Tel Aviv University has announced a groundbreaking technology that could restore the sense of touch in the nerves of a limb following amputation or injury.
The technology involves a tiny sensor that is implanted in the nerve of the injured limb, for example in the finger, and is connected directly to a healthy nerve. Each time the limb touches an object, the sensor is activated and conducts an electric current to the functioning nerve, which recreates the feeling of touch.
The researchers emphasize that this is a tested and safe technology and could be implanted anywhere inside of the human body once clinical trials are completed.
The technology was developed under the leadership of a team of experts from Tel Aviv University: Dr. Ben M. Maoz, Iftach Shlomy, Shay Divald, and Dr. Yael Leichtmann-Bardoogo from the Department of Biomedical Engineering, Fleischman Faculty of Engineering, in collaboration with Keshet Tadmor from the Sagol School of Neuroscience and Dr. Amir Arami from the Sackler School of Medicine and the Microsurgery Unit in the Department of Hand Surgery at Sheba Medical Center. The study was published in the prestigious journal ACS Nano.
In recent years, the field of neural prostheses has made promising developments to improve the lives of those who have lost sensation in their limbs by implanting sensors in place of the damaged nerves. But the existing technology has a number of drawbacks, such as complex manufacturing and use, as well as the need for an external power source, such as a battery.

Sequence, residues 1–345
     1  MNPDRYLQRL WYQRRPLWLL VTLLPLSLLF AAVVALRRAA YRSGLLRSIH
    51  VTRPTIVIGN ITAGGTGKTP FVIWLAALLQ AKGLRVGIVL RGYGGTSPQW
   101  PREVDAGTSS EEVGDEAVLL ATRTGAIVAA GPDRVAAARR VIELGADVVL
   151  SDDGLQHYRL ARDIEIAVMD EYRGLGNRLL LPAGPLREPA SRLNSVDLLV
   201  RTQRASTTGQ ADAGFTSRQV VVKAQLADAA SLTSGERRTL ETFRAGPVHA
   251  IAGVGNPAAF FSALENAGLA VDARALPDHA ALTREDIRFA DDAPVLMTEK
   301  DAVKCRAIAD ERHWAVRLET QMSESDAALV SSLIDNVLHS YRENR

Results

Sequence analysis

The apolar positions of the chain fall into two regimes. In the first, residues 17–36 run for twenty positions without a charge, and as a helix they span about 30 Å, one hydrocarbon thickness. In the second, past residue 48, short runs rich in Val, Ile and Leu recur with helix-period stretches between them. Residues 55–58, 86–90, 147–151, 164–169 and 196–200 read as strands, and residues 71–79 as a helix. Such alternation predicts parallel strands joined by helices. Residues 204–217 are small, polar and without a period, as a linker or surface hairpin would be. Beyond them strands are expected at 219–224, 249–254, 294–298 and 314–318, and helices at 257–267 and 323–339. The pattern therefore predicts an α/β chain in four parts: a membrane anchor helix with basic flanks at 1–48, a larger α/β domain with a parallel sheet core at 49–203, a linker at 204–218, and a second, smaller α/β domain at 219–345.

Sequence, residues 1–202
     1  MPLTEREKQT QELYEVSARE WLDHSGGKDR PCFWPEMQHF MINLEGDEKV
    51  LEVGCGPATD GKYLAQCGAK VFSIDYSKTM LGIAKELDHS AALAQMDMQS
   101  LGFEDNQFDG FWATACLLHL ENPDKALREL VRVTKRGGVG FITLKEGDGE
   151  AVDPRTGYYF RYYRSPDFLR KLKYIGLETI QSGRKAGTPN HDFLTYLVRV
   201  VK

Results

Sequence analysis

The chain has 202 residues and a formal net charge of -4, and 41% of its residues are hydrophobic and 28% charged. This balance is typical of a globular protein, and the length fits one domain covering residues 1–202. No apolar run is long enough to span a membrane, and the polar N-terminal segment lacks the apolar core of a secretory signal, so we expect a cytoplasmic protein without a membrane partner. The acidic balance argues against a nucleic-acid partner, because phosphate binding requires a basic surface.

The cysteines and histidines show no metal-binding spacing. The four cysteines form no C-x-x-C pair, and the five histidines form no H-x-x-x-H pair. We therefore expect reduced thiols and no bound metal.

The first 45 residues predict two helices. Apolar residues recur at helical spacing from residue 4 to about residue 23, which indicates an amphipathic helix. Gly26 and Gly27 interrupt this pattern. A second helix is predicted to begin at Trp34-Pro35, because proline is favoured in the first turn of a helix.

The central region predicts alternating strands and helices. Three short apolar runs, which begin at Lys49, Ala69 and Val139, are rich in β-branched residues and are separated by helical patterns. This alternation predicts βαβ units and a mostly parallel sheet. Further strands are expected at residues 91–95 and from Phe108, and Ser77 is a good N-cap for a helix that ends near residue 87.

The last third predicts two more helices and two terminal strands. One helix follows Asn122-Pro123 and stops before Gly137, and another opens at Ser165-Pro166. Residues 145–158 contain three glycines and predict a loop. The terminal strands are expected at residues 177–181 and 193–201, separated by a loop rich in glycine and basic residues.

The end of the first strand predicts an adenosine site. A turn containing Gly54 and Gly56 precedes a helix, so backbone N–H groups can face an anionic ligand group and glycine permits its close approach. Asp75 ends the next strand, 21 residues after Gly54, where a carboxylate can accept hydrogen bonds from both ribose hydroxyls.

Now, the researchers at TAU have used state-of-the-art technology called a triboelectric nanogenerator (TENG) to engineer and test on animal models a tiny sensor that restores tactile sensation via an electric current that comes directly from a healthy nerve and doesn’t require a complex implantation process or charging. It needs no external power source such as electricity or batteries. The researchers explain that the sensor actually works on frictional force: whenever the device senses friction, it charges itself.
The device consists of two tiny plates less than half a centimeter by half a centimeter in size. When these plates come into contact with each other, they release an electric charge that is transmitted to the undamaged nerve. When the injured finger touches something, the touch releases tension corresponding to the pressure applied to the device – weak tension for a weak touch and strong tension for a strong touch – just like in a normal sense of touch.
According to Dr. Maoz, after testing the new sensor in the lab (with more than half a million finger taps using the device), the researchers implanted it in the feet of the animal models. The animals walked normally, without having experienced any damage to their motor nerves, and the tests showed that the sensor allowed them to respond to sensory stimuli.